Latest Dark matter Stories
Two researchers from Observatoire Astronomique de Strasbourg have revealed for the first time the existence of a new signature of the birth of the first stars in our galaxy, the Milky Way.
When researchers at CERN observed what they believed to be sub-atomic particles moving faster than the speed of light, some believed that the discovery could challenge the very fundamental laws of the universe.
Like all galaxies, our Milky Way is home to a strange substance called dark matter. Dark matter is invisible, betraying its presence only through its gravitational pull.
The NASA/ESA Hubble Space Telescope has been used to make an image of galaxy cluster MACS J1206.2-0847.
A University of Toronto-led team of astronomers has discovered over two dozen new free-floating brown dwarfs, including a lightweight youngster only about six times heftier than Jupiter, that reside in two young star clusters.
Using one of the most sensitive neutrino detectors on the planet, an international team including physicists Laura Cadonati and Andrea Pocar at the University of Massachusetts Amherst are now measuring the flow of solar neutrinos reaching earth more precisely than ever before.
'Bolshoi' supercomputer simulation provides new benchmark for cosmological studies.
New measurements have confirmed Albert Einstein's general theory of relativity after an experiment last week brought the theory into question.
Researchers at the European Centre for Nuclear Research (CERN) are reporting that they have discovered sub-atomic particles moving faster than the speed of light -- a finding which, if verified, could well turn the fundamental laws of the universe on their ear.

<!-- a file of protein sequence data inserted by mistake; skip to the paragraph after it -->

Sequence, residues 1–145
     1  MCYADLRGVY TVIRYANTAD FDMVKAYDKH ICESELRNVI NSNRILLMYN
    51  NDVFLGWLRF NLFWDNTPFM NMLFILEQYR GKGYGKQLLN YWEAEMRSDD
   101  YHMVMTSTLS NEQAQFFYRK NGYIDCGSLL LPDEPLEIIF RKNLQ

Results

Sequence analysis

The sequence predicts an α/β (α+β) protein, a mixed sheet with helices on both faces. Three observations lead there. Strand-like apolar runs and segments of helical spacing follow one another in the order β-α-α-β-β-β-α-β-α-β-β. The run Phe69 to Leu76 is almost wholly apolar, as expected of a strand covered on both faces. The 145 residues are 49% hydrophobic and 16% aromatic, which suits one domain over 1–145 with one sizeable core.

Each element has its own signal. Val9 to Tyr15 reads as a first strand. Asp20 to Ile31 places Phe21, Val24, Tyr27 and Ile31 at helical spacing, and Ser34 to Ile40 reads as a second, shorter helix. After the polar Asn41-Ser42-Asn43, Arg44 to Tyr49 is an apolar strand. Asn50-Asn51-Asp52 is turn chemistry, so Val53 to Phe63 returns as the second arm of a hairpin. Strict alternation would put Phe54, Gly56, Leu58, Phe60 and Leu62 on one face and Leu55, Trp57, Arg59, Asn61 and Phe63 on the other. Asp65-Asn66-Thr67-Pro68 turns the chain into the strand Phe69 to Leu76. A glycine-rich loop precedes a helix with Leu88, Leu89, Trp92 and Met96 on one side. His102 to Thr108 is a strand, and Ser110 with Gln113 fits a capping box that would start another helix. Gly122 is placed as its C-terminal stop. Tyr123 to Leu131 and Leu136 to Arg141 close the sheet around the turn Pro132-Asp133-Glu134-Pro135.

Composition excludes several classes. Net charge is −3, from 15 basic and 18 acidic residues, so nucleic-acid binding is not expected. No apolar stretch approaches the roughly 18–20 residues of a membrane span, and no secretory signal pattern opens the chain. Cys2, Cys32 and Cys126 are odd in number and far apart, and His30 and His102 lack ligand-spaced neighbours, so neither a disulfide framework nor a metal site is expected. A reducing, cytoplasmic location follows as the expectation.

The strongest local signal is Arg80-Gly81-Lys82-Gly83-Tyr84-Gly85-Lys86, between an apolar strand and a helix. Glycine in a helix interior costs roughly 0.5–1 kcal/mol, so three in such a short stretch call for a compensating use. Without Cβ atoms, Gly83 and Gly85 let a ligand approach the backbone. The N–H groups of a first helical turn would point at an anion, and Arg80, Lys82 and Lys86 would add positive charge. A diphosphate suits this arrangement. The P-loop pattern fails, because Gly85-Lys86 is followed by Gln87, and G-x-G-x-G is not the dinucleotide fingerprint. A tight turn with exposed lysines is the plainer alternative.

Even though a dwarf galaxy clear across the Milky Way looks to be a mouse, it may have once been a bear that slashed through the Milky Way and created the galaxy's spiral arms, writes an Iowa State University astronomer in the journal Nature.
Image Caption: The Hubble Extreme Deep Field (XDF) was completed in September 2012 and shows the farthest galaxies ever photographed by humans. Each speck of light in the photo is an individual galaxy, some of them as old as 13.2 billion years; the observable universe is estimated to contain more than 200 billion galaxies. Credit: NASA/Wikipedia What is Cosmology? I once commented to an acquaintance that I was fascinated by the field of Cosmology, and mused that if I had more time, I...
The Coma Cluster (Abell 1656), along with the Leo Cluster, is one of two major clusters compromising the Coma Supercluster. It contains over 1000 identified galaxies. Most of the galaxies in the center of the Coma Cluster are elliptical galaxies including both dwarf and giant. However the center is dominated by NGC 4874 and NGC 4889, two giant elliptical galaxies. The brightest galaxies are visible, a few degrees north of the galactic pole, with an amateur telescope larger than 20 cm. The...
The Bullet Cluster is made up of two colliding clusters galaxies. According to a 2006 study, the Bullet Cluster also shows the best evidence for the existence of Dark Matter. From observations of galaxy cluster collisions it has been found that many show displacement between their center of visible matter and their gravitational potential. Each component, stars, gas, and dark matter, within a cluster pair behaves differently during a collision allowing for each to be studied separately....
The Abell 520 galaxy cluster is an strange structure formed by a major merger. Due to its odd and chaotic nature it has been given the nick-name the Train Wreck Cluster. The Dark Matter within the cluster does not act as expected like it does in other clusters, therefore, Abell 520 creates problems for many of the prevailing theories about Dark Matter. It also disrupts many alternative theories of modified gravity. Similar to the Bullet Cluster the gas contents and galaxies within the...
The cluster CL0024+17, located in Pisces, is a galaxy cluster that is allowing astronomers to probe the distribution of dark matter in space. Dark matter does not reflect light and therefore cannot be seen. It is only detectable by the way its gravity affects the lights around it. Using gravitational lensing astronomers observe the distorted light around the dark matter and are able to tell where it is located within a cluster. A dark matter ring found near the cluster's center, by...
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- A timorous, cowardly fellow.